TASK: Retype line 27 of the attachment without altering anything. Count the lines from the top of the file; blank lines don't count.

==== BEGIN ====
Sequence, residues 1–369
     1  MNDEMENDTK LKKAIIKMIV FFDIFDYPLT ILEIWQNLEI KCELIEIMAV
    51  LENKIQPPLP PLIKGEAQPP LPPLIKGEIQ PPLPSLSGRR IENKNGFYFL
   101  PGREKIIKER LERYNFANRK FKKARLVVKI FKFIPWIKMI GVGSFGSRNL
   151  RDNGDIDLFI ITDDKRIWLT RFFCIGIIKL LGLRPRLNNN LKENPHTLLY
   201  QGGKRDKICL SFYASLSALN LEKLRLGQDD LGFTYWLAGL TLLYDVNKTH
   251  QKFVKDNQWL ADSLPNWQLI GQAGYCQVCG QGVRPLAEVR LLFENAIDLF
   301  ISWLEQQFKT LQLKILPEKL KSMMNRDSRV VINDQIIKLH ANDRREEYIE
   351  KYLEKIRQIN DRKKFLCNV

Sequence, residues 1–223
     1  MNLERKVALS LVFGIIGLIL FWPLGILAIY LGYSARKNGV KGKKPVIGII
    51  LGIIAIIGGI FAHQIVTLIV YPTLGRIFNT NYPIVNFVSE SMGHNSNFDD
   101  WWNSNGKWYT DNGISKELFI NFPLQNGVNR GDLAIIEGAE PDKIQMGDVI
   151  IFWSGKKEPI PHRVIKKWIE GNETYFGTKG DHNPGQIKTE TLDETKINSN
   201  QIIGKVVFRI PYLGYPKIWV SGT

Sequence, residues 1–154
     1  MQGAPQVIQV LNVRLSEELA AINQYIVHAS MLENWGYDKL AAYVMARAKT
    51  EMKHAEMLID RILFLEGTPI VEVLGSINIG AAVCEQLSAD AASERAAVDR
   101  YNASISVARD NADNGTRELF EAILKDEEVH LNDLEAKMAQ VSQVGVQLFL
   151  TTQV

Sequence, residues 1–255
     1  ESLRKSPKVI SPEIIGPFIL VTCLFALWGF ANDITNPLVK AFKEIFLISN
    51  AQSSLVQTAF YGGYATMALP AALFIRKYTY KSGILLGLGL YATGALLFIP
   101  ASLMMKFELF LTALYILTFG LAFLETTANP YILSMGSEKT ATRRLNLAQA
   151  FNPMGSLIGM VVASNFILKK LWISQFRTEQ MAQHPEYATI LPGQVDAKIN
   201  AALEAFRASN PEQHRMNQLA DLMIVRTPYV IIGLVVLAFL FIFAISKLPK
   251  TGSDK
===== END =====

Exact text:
   251  TGSDK